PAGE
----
At the point at which the bottom line begins to drop noticeably and the clanging becomes too noisy to ignore the bosses will smell the infection, they will be scenting each other and identifying the source. This is not easy! The source is often a carrier without the fear of infection and hiding in plain sight, with a healthy visage and no visible signs of disease. And the carrier has often, like many bacteria, bonded invisibly to the other bosses, binding them tight with the implied promise of a better smell, a healthier outlook to match their own and a better bottom line. Difficult to resist, especially in the face of all that infection and sickness and despite the fact that the one offering the cure is in fact the source of the disease, hidden in plain sight! There is also the possibility that the carrier knows where another carrier is hiding, out of plain sight, and the risk to that alternative carrier is too high for them to chance breaking cover by exposing the source. Business can be a mucky affair.

There are now a limited group of medications available if this sickness is to be cured properly, lastingly, and with a full recovery. And it will take a person with cojones  – or nothing to lose –  to administer it. This person needs the experience to detect the disease and its source, the knowledge to understand what it needed, and the skill to administer the cure quickly. Too late and the outcome is the inevitable, but possibly prolonged and agonising, death of the organisation. Too timid and the one administering the medicine risks contagion and the same fate. Administering the cure is sometimes best done by a confident and reliable group, who can share the risks and share the fallout, diluting the risk of contagion and offering a wall of strength if the source resists. If you like, one to hold the legs, one to pin the arms down, one to cover the face to reduce the risk of droplet infection and another to jab the cure in. The source will not survive…….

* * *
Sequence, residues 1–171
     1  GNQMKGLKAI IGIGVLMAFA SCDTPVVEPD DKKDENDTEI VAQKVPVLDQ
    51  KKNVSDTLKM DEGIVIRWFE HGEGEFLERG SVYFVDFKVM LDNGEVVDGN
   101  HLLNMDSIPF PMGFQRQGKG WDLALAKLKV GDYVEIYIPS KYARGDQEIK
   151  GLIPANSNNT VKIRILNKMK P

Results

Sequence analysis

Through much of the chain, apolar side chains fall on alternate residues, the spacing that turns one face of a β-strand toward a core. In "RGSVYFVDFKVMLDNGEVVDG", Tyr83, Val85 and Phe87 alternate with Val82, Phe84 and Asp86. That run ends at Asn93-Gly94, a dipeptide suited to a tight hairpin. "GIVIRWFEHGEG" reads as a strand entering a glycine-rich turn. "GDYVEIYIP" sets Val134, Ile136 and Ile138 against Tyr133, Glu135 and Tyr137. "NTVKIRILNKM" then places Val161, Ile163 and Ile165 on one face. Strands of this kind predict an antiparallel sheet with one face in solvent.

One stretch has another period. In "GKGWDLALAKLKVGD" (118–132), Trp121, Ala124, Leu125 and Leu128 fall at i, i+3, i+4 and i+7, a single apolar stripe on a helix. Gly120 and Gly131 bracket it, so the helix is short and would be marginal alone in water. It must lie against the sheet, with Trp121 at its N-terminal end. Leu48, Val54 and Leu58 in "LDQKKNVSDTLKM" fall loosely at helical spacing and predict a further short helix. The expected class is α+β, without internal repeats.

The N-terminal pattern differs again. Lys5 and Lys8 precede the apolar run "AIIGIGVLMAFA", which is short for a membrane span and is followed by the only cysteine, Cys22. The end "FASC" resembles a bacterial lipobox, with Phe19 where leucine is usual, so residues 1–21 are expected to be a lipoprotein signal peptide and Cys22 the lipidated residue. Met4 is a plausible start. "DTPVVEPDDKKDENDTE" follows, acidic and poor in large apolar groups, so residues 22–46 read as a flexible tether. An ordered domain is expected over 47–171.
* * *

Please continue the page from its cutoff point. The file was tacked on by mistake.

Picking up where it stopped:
If this happens and is successful, there will need to be a period of rehabilitation and recuperation, some R&R, some integrating of the organisation that remains. The gaps left by the amputated source(s) will necessitate a morphing, will change the shape of the organisation – there will be different strengths, different objectives, better appreciation of what works and what doesn’t, and a newly charged energy and direction with a leadership that is genuinely healthy and has clear vision. Those who remain standing will have a keener appreciation of what they see and will be better able to support the newly minted objectives, to support the healthy and exciting leadership on offer, and to contribute to the recovery.

Do you have a healthy and fit organisation with clear, safe, leadership, shiny objectives and a motivated and fearless workforce? If you have, cherish it and nurture it, reach out to colleagues to keep them well, keep those clearly signposted pathways of communication clear of debris and germs and safe to tread, keep the conversations going so that potential ill health is easier to identify and easier to flag.  Make sure, however well the organisation is now, that you are prepared for sickness, have a medicine cabinet stocked with remedies and a skilled medic on hand just in case.

If you suffer with SOS you have two choices: bail or find a cure. Make sure, though, that you can tell if the situation is curable before you choose an option. Are the doctors listening? Is the source too embedded to be shifted? Is the cure too late? Or is there time to get the emergency services in on time and with the right meds? If you care about the organisation, if it worth saving, get the life support machine cranked up and plugged in and try everything you can to revive it – but be prepared to switch the plug off if needed. Sometimes that is the kindest act of all.